Valley Girl: Review

valley girl

Julie (Jessica Rothe) is the ultimate ’80s Valley Girl. A creative free spirit; Julie’s time is spent with her best friends shopping at the Galleria mall and making plans for senior prom. That is, until she falls hard for Randy (Joshua Whitehouse), a Sunset Strip punk rocker, who challenges everything the Valley and Julie stand for. Despite push-back from friends and family, Julie must break out of the safety of her world to follow her heart and discover what it really means to be a Valley Girl. Set to a rock ‘n roll ’80s soundtrack produced by legendary Harvey Mason, Jr. with dance numbers by choreographer Mandy Moore, Valley Girl is a musical adaptation of the classic 1983 hit film that changed American teenage life forever.

Rachel Lee Goldenberg’s newest musical adaptation of Valley Girl is going to garner a mixed reaction from critics and audiences alike. That’s for sure. In fact, it already has. I can totally understand both viewpoints. If you watch this film and thought it was truly out-of-this-world amazing, I can understand that. But, if you thought it was truly terrible and ridiculous, I can see that as well.

Personally though, I found this new telling of this story to be an absolute delight for the most part. Right from the opening scenes alone, Goldenberg lets you know what kind of movie this is going to be. We are treated to an upbeat soundtrack right off the bat with the cast of the film singing “We Got The Beat” by The Go-Go’s which then smoothly transitions over to Joan Jett’s “Bad Reputation”.



A lot of these scenes can come across as extremely over-the-top, goofy and even at times a little bit corny, but if you’re complaining about that a lot, I feel like you are sort of missing the point. Valley Girl knows exactly what type of movie it is and goes for it one-hundred percent of the time, ultimately culminating in a syrupy sweet musical with tons of stuff to enjoy aside from the wonderful renditions of excellent eighties songs.

The biggest positive here is without a doubt the performance from Jessica Rothe as Julie Richman, the story’s lead protagonist. Ever since the release of Happy Death Day, myself and many others have been saying that Rothe deserves to be a star. The performance that she delivers here is, like usual for her, terrific. She is incredibly likeable as Julie, a girl with big dreams to move to New York City to attend the Fashion Institute of Technology. The way her story plays out was immensely sweet and charming. If Rothe continues to deliver performances as strong as she has been doing since the start of her career, I wouldn’t be surprised if she won an Academy Award one day.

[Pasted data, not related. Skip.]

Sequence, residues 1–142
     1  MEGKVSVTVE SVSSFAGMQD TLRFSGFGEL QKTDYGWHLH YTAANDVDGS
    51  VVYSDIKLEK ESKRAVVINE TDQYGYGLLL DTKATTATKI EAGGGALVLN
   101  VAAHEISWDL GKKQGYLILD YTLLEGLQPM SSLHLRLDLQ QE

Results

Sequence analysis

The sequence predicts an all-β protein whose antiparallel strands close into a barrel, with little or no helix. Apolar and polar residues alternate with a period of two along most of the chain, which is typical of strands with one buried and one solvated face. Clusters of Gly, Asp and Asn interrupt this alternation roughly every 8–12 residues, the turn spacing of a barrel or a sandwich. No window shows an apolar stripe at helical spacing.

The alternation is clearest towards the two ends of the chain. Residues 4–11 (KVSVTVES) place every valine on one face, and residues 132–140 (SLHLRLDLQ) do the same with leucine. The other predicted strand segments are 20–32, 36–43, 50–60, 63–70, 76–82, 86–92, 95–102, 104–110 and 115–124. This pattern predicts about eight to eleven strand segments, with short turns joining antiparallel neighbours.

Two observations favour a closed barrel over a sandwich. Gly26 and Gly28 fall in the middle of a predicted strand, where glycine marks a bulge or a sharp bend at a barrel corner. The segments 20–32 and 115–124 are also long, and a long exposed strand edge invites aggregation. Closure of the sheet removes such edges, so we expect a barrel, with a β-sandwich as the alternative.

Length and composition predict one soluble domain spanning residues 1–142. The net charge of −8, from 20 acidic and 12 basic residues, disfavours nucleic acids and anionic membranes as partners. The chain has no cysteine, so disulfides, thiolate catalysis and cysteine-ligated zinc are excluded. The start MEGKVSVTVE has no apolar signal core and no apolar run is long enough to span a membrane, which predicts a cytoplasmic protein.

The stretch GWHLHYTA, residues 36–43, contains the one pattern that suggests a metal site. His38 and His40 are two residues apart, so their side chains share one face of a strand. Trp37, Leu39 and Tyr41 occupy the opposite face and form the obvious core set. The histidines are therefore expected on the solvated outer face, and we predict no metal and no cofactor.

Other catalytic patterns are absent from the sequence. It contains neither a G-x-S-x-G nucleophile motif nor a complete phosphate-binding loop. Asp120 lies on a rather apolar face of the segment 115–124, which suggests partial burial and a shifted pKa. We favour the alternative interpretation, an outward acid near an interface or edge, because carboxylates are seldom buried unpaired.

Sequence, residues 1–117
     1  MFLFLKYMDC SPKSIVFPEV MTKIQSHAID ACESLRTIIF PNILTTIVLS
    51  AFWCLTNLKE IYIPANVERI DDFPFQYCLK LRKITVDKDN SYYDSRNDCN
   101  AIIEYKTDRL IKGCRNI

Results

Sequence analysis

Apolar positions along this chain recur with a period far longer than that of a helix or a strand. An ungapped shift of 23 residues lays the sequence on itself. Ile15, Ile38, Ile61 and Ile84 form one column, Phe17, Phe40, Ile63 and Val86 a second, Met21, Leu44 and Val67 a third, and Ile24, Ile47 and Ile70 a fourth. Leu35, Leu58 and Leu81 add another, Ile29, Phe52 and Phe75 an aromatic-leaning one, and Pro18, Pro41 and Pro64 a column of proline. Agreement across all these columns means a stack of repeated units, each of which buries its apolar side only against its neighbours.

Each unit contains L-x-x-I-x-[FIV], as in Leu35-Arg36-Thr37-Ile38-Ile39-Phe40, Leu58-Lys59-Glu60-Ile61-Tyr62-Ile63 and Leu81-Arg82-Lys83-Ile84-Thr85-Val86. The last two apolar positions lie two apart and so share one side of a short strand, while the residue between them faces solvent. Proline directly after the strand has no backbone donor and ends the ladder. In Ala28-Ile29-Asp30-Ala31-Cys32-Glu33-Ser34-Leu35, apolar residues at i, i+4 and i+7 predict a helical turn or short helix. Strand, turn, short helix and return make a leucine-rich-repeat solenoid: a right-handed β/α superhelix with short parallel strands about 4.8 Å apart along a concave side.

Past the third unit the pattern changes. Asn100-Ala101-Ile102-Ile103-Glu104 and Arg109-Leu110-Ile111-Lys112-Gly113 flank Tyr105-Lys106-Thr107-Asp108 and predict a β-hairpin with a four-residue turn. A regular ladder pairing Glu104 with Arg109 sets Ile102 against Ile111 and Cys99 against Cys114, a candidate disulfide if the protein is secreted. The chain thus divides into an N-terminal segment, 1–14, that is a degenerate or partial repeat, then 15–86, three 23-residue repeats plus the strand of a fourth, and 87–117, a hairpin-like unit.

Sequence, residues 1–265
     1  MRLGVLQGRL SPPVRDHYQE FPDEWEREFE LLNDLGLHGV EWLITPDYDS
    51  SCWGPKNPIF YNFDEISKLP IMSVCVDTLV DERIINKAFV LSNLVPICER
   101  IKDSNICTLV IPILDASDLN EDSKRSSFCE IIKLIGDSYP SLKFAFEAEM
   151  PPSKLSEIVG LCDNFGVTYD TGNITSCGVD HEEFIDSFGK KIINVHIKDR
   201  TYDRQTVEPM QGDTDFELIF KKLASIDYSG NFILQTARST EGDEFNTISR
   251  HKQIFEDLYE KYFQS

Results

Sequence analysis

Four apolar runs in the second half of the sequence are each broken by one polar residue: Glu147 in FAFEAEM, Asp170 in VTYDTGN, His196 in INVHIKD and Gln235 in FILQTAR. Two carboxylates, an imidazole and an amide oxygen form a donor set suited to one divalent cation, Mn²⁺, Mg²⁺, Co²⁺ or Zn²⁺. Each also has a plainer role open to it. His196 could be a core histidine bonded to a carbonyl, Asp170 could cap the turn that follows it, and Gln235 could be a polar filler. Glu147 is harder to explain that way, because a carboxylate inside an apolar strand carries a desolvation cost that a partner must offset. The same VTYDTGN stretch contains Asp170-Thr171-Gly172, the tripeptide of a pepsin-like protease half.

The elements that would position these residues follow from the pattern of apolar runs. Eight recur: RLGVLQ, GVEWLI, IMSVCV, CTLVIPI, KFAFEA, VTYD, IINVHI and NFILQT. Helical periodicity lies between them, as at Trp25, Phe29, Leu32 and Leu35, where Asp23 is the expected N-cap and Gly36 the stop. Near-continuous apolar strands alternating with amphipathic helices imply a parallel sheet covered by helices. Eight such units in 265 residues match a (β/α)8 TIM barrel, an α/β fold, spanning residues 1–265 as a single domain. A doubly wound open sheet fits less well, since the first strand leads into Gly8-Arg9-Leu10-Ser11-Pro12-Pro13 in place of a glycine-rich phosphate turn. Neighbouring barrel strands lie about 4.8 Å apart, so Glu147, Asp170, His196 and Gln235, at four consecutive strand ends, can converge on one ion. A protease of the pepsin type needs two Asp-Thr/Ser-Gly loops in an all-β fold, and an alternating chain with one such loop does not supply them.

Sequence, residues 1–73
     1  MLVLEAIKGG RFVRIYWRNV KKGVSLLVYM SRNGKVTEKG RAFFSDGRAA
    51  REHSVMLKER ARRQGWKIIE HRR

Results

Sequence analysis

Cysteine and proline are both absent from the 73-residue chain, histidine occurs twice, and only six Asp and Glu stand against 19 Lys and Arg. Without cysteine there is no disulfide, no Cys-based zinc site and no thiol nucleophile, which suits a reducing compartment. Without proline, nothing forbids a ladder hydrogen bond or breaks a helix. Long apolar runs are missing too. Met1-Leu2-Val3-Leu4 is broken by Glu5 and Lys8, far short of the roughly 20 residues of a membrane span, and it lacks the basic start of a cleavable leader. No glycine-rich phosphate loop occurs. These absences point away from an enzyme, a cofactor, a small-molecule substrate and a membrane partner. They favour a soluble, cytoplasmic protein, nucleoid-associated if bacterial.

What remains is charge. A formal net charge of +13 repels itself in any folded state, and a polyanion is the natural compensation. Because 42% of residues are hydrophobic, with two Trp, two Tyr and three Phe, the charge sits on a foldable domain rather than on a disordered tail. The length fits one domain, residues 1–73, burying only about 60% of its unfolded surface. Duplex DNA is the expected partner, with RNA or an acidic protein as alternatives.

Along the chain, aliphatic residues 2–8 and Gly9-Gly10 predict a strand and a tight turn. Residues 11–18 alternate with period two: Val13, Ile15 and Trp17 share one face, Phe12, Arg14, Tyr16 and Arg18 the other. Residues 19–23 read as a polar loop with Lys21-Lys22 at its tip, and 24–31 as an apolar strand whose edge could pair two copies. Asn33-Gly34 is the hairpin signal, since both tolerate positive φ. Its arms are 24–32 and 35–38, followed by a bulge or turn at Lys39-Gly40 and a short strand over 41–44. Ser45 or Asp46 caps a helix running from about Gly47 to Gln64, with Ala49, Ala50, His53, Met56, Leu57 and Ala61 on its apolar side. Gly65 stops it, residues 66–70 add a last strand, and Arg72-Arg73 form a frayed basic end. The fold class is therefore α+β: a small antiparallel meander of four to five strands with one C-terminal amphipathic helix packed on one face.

In addition to this, she has absolutely incredible chemistry with her co-star Josh Whitehouse, who is also exceptional in the role of Randy. The pair’s relationship and dynamic is extremely corny and at times, seems like it has no faults. It seems like they are literally a picture-perfect couple for the majority of the movie. But that being said, it was also handled in a cute way that honestly did put a smile on my face.

Another thing that is definitely worth praising here is the attention to detail and how well they managed to encapsulate the feel of the eighties. In addition to having the great, nostalgic songs sung by the cast of the film, they also bring up leg warmers. And of course, the hairstyles and outfits worn by everyone look spot on.

What made the style and aesthetic of the film pop even more was the cinematography by Adam Silver. Whenever most people think of the eighties, they think of bright neon colors, the outfits, hairstyles, cars, etc. Silver’s camerawork is extremely vibrant and full of life and joy, making it hard to not appreciate.

All in all, this was a hugely enjoyable movie. It’s ridiculous at times and does have an ending that feels a little bit jarring and makes you question why certain plot points earlier on were necessary, but at the end of the day, Goldenberg has crafted a wonderfully enjoyable musical that will take you on a breezy and uplifting nostalgic-filled ride.

Valley Girl is a totally rad musical throwback to the eighties complete with a wonderful soundtrack and an astounding performance from Jessica Rothe.


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Ever since the age of nine, film and the art of filmmaking has been Caillou's number one passion. It all started when his parents took him to see Finding Nemo. Afterwards, Caillou had become heavily intrigued by film and some of his favourites include Coraline, The Empire Strikes Back and Hereditary.

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